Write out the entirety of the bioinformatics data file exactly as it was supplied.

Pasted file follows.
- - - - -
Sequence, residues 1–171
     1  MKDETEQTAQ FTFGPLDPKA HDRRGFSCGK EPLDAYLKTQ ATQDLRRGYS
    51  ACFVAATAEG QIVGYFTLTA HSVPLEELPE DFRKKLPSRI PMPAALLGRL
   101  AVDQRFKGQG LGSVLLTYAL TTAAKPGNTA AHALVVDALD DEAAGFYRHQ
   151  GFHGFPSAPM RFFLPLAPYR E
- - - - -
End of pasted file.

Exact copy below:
Sequence, residues 1–171
     1  MKDETEQTAQ FTFGPLDPKA HDRRGFSCGK EPLDAYLKTQ ATQDLRRGYS
    51  ACFVAATAEG QIVGYFTLTA HSVPLEELPE DFRKKLPSRI PMPAALLGRL
   101  AVDQRFKGQG LGSVLLTYAL TTAAKPGNTA AHALVVDALD DEAAGFYRHQ
   151  GFHGFPSAPM RFFLPLAPYR E